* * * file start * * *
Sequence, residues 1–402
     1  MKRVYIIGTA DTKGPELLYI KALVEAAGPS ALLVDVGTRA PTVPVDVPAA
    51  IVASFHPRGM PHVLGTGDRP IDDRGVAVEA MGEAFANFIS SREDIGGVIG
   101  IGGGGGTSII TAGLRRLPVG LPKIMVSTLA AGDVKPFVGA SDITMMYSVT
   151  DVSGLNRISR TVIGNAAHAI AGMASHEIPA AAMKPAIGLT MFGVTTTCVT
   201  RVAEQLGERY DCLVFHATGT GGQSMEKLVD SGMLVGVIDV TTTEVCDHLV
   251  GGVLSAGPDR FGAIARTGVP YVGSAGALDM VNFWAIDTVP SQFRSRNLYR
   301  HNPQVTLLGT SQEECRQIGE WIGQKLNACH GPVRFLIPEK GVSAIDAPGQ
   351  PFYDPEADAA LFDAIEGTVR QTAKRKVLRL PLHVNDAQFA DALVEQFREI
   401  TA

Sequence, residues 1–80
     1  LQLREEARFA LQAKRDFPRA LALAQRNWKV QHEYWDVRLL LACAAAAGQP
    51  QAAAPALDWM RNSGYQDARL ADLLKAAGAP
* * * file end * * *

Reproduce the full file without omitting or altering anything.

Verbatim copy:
Sequence, residues 1–402
     1  MKRVYIIGTA DTKGPELLYI KALVEAAGPS ALLVDVGTRA PTVPVDVPAA
    51  IVASFHPRGM PHVLGTGDRP IDDRGVAVEA MGEAFANFIS SREDIGGVIG
   101  IGGGGGTSII TAGLRRLPVG LPKIMVSTLA AGDVKPFVGA SDITMMYSVT
   151  DVSGLNRISR TVIGNAAHAI AGMASHEIPA AAMKPAIGLT MFGVTTTCVT
   201  RVAEQLGERY DCLVFHATGT GGQSMEKLVD SGMLVGVIDV TTTEVCDHLV
   251  GGVLSAGPDR FGAIARTGVP YVGSAGALDM VNFWAIDTVP SQFRSRNLYR
   301  HNPQVTLLGT SQEECRQIGE WIGQKLNACH GPVRFLIPEK GVSAIDAPGQ
   351  PFYDPEADAA LFDAIEGTVR QTAKRKVLRL PLHVNDAQFA DALVEQFREI
   401  TA

Sequence, residues 1–80
     1  LQLREEARFA LQAKRDFPRA LALAQRNWKV QHEYWDVRLL LACAAAAGQP
    51  QAAAPALDWM RNSGYQDARL ADLLKAAGAP